Getting off the couch can be life-changing
A new TV series follows six people as they take on extreme challenges in a bid to get fit, healthy and happy
The group hiking in the Glenmalure valley in Co Wicklow.
The group at the top of Carrauntoohil with mountaineer Eamonn Falvey (right).
‘The message for me has always been that you don’t need to have a huge amount of money to get active,” says Teena Gates. “You just start by walking out the front door and taking a deep breath.”
Teena Gates, news editor at Dublin radio station 98FM, author and presenter of new television series Get Off The Couch!, knows all about taking that step. Chronically ill and weighing 23 stone four years ago, Gates began working towards leading a more active, healthy lifestyle.
She has since trekked to Everest base camp for charity, completed a tri-adventure challenge in Uganda for Concern and written about her story in her book One Foot in Front of the Other.
It makes Gates the ideal person to present Get Off The Couch!, a new six-part TV series on Setanta Ireland starting this Thursday, which sees six people take on some pretty extreme challenges such as lake swimming, mountain climbing, abseiling and a triathlon under the guidance of some of Ireland’s top adventure experts.
‘Voyage into unknown’
The three men and three women featured in the series range in age from 22 to 51. Not only did the participants engage in strenuous physical activities such as completing the TriAthy triathlon, scaling Carrauntouhill and kayaking on the Liffey but some of them overcame phobias such as fear of heights and water. “It was a voyage into the unknown and we weren’t sure what everyone would be able to do but everybody had a shot at everything in the end which was great,” says Gates.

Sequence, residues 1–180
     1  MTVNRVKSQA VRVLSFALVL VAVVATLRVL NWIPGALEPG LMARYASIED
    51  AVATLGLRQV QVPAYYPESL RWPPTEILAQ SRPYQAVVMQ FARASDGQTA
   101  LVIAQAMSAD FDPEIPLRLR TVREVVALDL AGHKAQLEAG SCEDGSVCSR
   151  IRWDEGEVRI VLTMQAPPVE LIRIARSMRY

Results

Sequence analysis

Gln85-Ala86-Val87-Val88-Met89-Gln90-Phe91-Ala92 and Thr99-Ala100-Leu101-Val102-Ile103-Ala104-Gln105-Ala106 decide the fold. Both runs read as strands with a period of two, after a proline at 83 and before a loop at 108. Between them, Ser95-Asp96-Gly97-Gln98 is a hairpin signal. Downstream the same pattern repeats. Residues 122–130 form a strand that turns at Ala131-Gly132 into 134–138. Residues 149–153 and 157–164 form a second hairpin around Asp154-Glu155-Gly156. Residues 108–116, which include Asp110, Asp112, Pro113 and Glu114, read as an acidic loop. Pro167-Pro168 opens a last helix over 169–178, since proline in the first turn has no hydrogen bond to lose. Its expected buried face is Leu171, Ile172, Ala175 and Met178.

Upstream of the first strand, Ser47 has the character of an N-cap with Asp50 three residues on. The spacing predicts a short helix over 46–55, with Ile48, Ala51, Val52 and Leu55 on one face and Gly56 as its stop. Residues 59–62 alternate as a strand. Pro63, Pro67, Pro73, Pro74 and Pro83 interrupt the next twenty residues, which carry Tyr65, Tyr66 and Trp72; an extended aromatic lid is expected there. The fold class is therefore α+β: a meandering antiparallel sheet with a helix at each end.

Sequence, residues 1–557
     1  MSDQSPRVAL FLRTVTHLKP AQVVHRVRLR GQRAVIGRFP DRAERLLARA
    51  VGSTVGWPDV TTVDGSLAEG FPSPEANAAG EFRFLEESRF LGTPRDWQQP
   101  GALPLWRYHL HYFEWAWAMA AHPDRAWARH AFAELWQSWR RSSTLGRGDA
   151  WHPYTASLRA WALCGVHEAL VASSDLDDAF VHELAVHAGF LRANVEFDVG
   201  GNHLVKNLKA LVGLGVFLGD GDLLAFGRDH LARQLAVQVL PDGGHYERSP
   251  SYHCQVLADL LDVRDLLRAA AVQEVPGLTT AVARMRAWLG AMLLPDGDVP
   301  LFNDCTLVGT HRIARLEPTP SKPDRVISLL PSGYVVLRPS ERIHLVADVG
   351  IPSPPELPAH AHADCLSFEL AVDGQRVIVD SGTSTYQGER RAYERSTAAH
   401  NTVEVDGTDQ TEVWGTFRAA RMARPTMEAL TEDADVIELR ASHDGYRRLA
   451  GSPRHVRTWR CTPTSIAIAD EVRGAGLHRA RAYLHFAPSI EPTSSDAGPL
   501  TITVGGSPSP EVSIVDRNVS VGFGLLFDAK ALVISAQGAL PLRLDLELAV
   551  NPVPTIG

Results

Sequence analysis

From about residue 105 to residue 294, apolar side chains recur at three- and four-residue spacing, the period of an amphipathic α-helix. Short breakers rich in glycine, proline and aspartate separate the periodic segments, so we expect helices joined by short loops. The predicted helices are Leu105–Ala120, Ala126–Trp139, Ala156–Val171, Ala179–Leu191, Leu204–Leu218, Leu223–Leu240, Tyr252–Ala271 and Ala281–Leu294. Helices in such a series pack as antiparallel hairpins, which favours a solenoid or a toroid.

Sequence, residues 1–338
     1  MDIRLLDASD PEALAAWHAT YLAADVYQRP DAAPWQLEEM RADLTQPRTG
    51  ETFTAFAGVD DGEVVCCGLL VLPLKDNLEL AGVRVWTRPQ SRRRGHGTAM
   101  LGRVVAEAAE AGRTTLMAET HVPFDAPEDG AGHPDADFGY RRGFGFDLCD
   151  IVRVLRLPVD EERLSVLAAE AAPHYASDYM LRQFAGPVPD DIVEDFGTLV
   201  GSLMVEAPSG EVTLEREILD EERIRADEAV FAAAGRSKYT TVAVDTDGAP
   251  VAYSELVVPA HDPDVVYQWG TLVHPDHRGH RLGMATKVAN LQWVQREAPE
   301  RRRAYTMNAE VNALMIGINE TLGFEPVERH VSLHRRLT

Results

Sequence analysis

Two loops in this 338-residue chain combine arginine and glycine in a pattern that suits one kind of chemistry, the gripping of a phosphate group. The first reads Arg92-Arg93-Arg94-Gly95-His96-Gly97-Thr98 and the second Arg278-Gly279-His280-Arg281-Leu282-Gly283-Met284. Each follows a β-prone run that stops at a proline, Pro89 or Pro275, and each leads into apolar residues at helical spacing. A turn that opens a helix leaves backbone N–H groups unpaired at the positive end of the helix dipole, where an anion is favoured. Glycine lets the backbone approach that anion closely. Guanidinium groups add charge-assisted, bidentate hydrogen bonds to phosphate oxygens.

Gates says the focus of Get Off The Couch! was never about weight-loss but about six people pushing themselves to become fitter and healthier individuals.
“If you’re waiting to lose weight before you go to the gym or before you get in the pool, it’s never going to happen,” she says. “Just put on a pair of runners or a swim suit and get out there and enjoy the fact of being active and the rest follows – learning new things, meeting new people and if you see a reduction in your waistline that’s a bonus.”
Having come from a place of inactivity herself, Gates says the volunteers could relate to the fact that she knew how they were feeling. “That you’re not sure you’ll make one length of the pool, or you’re getting into lycra and you’re afraid you don’t look good. Nobody else cares – they’re all too busy worrying what they look like in their own lycra to care what you look like in yours,” she laughs.
She says the participants really clicked and became part of a team: “The one thing that was apparent was that they bonded and that carried them through six months of injury, pain, disappointment, heartache, setbacks, good moments, joys, tears and sorrows. It created a big heart – an engine – that pushed them through to the end.”